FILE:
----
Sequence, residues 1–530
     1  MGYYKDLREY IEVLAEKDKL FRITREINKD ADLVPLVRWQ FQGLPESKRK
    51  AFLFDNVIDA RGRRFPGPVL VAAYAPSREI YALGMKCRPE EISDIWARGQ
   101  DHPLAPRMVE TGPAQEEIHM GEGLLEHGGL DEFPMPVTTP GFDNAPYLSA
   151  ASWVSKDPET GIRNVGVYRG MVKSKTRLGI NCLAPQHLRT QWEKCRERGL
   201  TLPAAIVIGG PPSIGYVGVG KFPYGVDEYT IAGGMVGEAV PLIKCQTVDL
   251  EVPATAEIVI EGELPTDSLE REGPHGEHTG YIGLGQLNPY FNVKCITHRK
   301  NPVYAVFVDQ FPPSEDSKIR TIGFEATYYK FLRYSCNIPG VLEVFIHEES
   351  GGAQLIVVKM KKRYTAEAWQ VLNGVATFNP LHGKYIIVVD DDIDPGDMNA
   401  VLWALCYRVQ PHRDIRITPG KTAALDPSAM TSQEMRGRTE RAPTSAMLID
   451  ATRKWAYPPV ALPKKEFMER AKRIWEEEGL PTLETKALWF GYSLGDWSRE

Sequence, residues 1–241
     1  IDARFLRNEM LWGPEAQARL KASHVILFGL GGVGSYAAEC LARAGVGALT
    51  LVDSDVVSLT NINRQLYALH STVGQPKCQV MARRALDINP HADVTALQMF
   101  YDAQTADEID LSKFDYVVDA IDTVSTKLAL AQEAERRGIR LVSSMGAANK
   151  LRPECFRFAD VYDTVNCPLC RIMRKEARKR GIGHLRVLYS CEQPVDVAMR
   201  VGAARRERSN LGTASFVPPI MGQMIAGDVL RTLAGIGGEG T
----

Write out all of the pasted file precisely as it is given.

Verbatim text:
Sequence, residues 1–530
     1  MGYYKDLREY IEVLAEKDKL FRITREINKD ADLVPLVRWQ FQGLPESKRK
    51  AFLFDNVIDA RGRRFPGPVL VAAYAPSREI YALGMKCRPE EISDIWARGQ
   101  DHPLAPRMVE TGPAQEEIHM GEGLLEHGGL DEFPMPVTTP GFDNAPYLSA
   151  ASWVSKDPET GIRNVGVYRG MVKSKTRLGI NCLAPQHLRT QWEKCRERGL
   201  TLPAAIVIGG PPSIGYVGVG KFPYGVDEYT IAGGMVGEAV PLIKCQTVDL
   251  EVPATAEIVI EGELPTDSLE REGPHGEHTG YIGLGQLNPY FNVKCITHRK
   301  NPVYAVFVDQ FPPSEDSKIR TIGFEATYYK FLRYSCNIPG VLEVFIHEES
   351  GGAQLIVVKM KKRYTAEAWQ VLNGVATFNP LHGKYIIVVD DDIDPGDMNA
   401  VLWALCYRVQ PHRDIRITPG KTAALDPSAM TSQEMRGRTE RAPTSAMLID
   451  ATRKWAYPPV ALPKKEFMER AKRIWEEEGL PTLETKALWF GYSLGDWSRE

Sequence, residues 1–241
     1  IDARFLRNEM LWGPEAQARL KASHVILFGL GGVGSYAAEC LARAGVGALT
    51  LVDSDVVSLT NINRQLYALH STVGQPKCQV MARRALDINP HADVTALQMF
   101  YDAQTADEID LSKFDYVVDA IDTVSTKLAL AQEAERRGIR LVSSMGAANK
   151  LRPECFRFAD VYDTVNCPLC RIMRKEARKR GIGHLRVLYS CEQPVDVAMR
   201  VGAARRERSN LGTASFVPPI MGQMIAGDVL RTLAGIGGEG T